Weird keyless remote programming situation
August 23, 2009 7:17 PM   Subscribe

Follow me here: I just bought a used 95 Honda Odyssey van that is almost identical to the 95 Honda van I already have, but nicer. I'm trying to get the keyless remote for the old Honda to work with the new old Honda.

The guy I bought the new 95 Honda from said the he recently had a used replacement starter installed, because a new one was about $500. For that reason, it takes two keys: one to unlock it and one to start it.

I just got this new keyless remote for my old van and am now trying to program it to work with the new, almost identical van, but it doesn't seem to be working.

Could it be because the newly installed used replacement starter in the new Honda is not allowing the keyless remote to be programmed for some reason? Two keys to unlock and start seem to be a clue.

Also, I'm not positive that I am using the correct procedure to program it, but I think it's what worked last time. Here are the instructions I'm following. Thanks for any advice.

1. Open the driver's door.
2. Push the driver's power door lock switch to the unlock position and hold it. (Continue to hold the switch during this procedure.)
3. Insert the key into the ignition switch, then remove it. Repeat this four more times (five times total) within 10 seconds. (You must complete steps 3 and 4 within 10 seconds or the system will exit the programming mode.)
4. Insert the key into the ignition switch. After you insert the key, make sure the power door locks cycle to confirm that the system is in the programming mode.
5. Press the "LOCK" or "UNLOCK" button on the transmitter. All the power door locks (except the driver's door) should cycle to confirm that the system accepted the transmitter's code.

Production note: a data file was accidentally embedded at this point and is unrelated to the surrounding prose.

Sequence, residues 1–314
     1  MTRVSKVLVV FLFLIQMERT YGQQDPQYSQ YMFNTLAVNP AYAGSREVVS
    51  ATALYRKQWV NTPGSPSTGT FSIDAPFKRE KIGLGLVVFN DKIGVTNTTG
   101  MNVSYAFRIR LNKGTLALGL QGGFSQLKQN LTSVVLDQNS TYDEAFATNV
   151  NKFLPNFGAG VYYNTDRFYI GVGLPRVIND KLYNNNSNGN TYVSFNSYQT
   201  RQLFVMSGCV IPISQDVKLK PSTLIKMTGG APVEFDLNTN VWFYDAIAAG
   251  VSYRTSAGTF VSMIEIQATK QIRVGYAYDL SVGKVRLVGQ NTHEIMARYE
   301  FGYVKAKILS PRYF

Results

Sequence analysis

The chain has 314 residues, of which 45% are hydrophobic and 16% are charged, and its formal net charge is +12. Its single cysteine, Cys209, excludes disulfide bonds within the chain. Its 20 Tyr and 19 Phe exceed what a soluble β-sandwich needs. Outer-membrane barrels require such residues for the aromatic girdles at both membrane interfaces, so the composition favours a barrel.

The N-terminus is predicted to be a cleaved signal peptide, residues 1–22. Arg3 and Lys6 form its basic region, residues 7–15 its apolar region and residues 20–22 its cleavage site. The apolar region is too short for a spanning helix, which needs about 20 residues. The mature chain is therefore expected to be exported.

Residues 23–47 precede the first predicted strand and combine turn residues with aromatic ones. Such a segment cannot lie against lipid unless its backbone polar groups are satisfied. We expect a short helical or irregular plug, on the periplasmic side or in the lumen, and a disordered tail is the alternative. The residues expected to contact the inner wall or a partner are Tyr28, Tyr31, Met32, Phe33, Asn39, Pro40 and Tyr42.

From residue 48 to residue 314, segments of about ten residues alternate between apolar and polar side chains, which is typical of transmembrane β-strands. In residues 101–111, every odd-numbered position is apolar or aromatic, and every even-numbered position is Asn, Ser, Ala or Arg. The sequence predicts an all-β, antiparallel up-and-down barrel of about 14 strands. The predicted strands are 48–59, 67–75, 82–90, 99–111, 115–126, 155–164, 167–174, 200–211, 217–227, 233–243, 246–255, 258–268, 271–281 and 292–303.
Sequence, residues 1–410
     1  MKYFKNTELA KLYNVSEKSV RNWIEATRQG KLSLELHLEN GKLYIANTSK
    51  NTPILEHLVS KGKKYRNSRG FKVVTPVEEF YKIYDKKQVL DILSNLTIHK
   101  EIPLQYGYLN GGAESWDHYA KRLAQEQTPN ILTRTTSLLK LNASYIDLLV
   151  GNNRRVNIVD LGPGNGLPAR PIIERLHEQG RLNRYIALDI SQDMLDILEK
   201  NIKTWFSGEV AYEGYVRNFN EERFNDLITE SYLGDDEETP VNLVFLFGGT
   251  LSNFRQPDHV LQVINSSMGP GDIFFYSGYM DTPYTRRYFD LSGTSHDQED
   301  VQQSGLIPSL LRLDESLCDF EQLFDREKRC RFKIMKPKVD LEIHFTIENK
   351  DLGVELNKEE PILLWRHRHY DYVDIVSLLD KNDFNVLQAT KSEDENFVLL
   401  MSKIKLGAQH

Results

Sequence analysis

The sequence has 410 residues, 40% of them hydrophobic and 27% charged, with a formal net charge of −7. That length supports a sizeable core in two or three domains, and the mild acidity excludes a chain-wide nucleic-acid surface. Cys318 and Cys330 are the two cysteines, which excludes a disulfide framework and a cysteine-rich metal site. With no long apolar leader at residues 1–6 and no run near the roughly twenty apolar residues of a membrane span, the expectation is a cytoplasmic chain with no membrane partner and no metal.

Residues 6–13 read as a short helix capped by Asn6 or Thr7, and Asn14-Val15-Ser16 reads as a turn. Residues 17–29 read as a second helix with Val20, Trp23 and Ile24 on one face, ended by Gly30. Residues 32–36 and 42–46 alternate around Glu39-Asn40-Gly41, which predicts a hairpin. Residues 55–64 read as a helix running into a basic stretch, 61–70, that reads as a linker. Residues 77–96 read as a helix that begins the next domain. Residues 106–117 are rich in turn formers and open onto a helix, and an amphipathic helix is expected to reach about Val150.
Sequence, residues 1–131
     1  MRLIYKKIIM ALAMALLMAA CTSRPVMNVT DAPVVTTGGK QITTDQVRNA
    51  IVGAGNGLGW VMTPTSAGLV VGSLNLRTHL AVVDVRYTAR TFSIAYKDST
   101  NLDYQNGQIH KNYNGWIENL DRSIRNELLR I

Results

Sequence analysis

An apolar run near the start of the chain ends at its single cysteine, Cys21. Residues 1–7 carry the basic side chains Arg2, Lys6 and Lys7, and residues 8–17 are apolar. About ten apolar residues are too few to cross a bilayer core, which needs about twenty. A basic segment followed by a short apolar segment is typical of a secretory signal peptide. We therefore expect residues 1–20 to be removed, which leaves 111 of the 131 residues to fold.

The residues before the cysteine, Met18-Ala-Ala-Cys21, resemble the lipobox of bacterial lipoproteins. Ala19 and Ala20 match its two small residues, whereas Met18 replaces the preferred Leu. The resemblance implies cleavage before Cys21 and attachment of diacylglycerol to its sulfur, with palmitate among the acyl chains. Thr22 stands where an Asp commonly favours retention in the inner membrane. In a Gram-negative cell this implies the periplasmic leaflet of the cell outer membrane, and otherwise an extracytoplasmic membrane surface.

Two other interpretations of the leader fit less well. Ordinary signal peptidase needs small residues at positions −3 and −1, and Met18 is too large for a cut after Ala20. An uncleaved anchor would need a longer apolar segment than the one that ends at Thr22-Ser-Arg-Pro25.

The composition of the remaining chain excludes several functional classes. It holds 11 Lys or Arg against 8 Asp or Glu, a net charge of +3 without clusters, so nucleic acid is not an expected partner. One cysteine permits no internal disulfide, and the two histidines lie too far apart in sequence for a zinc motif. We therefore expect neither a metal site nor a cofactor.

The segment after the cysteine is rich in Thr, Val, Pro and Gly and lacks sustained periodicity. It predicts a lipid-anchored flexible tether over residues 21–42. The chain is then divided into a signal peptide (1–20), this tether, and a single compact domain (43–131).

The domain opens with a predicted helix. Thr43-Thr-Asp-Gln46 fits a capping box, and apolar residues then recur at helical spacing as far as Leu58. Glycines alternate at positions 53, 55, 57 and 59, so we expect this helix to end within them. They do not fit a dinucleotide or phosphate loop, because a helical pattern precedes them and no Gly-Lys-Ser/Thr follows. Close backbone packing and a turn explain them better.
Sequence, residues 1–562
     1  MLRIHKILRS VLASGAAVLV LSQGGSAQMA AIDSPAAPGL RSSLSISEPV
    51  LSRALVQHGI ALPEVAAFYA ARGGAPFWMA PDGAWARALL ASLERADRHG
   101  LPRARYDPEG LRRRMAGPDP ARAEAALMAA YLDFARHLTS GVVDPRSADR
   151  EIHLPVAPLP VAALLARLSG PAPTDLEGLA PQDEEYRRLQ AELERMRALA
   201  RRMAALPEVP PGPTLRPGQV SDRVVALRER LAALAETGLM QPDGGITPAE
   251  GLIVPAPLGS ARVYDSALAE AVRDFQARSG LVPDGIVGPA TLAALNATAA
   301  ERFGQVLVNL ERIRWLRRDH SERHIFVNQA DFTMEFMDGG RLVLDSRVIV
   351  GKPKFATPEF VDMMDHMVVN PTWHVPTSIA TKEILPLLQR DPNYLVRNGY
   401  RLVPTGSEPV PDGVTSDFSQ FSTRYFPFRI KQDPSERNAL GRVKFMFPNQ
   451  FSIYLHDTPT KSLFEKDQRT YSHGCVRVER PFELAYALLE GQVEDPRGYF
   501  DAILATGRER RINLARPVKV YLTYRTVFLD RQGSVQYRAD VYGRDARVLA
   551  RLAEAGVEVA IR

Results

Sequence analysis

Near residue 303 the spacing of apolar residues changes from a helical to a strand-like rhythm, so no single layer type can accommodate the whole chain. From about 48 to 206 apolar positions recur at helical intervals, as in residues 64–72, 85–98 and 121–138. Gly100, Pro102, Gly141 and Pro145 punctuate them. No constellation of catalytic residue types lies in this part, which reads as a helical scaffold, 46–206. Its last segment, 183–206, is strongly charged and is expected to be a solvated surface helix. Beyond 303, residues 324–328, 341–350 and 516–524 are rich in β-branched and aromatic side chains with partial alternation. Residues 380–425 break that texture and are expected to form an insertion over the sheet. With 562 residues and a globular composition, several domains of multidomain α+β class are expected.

6. To program a second transmitter, press its "LOCK" or "UNLOCK" button within 10 seconds of programming the first transmitter.
7. Release the master power door lock switch to exit the programming mode.
posted by wsg to Travel & Transportation (7 answers total)
Could it be because the newly installed used replacement starter in the new Honda is not allowing the keyless remote to be programmed for some reason?

No. The starter itself has nothing to do with the problem you're having. You could put any brand, new or remanufactured starter in that car and the original keys should work just fine.
The guy doesn't know what he's talking about. Please, no longer listen to his advice about your Honda.

A car typically will have two key functions:
Keyless entry

Keyless entry is the little transponder that sends a radio signal to the car to open the door. At some point, your car will have been programmed to be receptive to the respective frequencies of your remote transponders.

Immobilizer is the ignition lockout system. Generally, there's a chip in the actual key and a read-coil in the ignition switch. A control module in the car is programmed to authorize x number of keys to start the car. The module uses the read-coil to interrogate the chipped key. If it's identity matches, the control module allows the car to start. It has absolutely no way of knowing if the starter is original or not. It doesn't care, either. It just allows current to flow through a relay or not, depending on the result of it's key being interrogated.

As far as programming goes, remote transponders will usually be pretty easy to program, especially on older cars. There'll be a song and dance, like the one you describe, but the security isn't so tight that you couldn't do it yourself, like if you change your battery and wipe out some vehicle memory or if a battery in a transponder dies. It might even be in the owner's manual.

The actual immobilizer is much more secure and you'll have to get a Honda dealer, an automotive locksmith, or a Honda specialty shop to program the immobilizer to recognize the keys. That typically requires a diagnostic computer with the correct software to interface directly with the immobilizer control module in the vehicle.